NASA finds evidence of water on Mars
BY SPACEFLIGHT NOW
Posted: June 21, 2000 [Updated: 1900 GMT]
The Mars Global Surveyor spacecraft currently orbiting the planet made the detection. MGS was launched in 1996 to map the Martian surface.
NASA had planned to hold the press conference at a later date, but the space agency issued a media advisory today that said recent news reports about the discovery were "incorrect in significant areas." That prompted NASA to move up the briefing.
Rumors about the discovery were initially reported by the NASA Watch Web site earlier this week, which said the White House had been briefed on a major finding by MGS. The site later reported a paper was being prepared for the upcoming issue of the journal Science.
NASA's long-term Mars exploration program, which suffered the loss of two robotic missions last year, has been geared toward finding water on Earth's neighbor. Vast oceans are believed to have once flowed on Mars and scientists have suspected some water might still be trapped below the planet's surface.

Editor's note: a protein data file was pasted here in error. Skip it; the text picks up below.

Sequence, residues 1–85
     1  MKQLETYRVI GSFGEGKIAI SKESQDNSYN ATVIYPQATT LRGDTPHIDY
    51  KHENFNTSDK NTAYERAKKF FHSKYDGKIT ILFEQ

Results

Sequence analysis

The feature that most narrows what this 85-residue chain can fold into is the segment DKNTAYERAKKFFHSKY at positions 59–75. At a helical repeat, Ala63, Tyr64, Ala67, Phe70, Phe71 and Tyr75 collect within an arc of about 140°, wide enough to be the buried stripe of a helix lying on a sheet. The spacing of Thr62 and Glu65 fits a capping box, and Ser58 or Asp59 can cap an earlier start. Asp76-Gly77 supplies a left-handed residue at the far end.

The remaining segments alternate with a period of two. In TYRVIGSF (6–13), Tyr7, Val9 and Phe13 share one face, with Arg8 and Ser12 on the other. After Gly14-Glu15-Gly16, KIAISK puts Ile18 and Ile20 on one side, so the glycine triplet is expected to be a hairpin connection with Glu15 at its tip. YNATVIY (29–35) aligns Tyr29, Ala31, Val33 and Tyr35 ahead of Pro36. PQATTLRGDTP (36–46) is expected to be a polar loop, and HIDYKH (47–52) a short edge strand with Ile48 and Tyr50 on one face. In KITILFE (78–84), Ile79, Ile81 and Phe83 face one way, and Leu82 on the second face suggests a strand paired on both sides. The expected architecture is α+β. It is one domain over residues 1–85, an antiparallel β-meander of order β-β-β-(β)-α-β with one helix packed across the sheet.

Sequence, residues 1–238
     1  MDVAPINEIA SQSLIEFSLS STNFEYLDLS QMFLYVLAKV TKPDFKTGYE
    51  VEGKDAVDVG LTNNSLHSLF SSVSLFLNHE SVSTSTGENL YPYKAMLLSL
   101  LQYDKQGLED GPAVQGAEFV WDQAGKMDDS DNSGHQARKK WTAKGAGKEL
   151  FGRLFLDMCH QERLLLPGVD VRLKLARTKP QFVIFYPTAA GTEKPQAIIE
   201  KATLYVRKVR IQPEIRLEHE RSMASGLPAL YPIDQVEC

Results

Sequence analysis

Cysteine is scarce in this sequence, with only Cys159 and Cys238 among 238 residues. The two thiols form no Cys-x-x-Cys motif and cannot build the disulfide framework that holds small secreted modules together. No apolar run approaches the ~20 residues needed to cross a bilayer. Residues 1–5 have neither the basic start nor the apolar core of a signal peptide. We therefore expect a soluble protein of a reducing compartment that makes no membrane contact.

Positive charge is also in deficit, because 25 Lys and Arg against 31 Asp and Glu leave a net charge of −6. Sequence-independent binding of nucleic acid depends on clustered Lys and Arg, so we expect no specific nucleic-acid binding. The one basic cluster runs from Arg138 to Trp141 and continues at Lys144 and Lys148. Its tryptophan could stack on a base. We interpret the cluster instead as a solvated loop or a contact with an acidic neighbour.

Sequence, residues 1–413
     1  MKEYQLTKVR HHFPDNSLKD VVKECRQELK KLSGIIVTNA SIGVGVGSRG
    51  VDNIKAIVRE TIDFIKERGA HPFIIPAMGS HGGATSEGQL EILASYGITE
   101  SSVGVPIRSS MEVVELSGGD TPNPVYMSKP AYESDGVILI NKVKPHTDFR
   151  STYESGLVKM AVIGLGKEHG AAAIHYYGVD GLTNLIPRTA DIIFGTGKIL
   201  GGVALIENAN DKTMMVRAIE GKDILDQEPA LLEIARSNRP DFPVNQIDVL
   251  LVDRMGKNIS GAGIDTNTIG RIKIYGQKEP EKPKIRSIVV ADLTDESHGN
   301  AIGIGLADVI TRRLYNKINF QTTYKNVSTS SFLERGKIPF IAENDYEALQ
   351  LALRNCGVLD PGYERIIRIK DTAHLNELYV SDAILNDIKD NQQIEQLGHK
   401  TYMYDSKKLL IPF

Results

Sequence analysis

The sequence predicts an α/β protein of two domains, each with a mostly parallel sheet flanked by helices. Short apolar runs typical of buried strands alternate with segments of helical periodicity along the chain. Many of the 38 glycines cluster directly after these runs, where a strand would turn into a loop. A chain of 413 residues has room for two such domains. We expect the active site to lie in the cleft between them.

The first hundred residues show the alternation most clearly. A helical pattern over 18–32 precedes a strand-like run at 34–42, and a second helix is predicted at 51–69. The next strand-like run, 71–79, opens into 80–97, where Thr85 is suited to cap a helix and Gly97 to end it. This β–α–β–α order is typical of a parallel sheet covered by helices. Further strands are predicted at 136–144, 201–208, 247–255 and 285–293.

The ill-fated Mars Polar Lander probe was headed for the Martian south pole last December to dig for water ice just below the surface. But the craft crashed.
The discovery of present-day liquid water potentially has profound implications about whether there is or was life on the Red Planet.
Water is considered the cornerstone to life, and NASA's Mars research efforts have been dedicated to find evidence of past of present water. Such a finding of water, space agency officials have said, would be a major step forward in answering the question of where life has ever existed on the planet closest to Earth.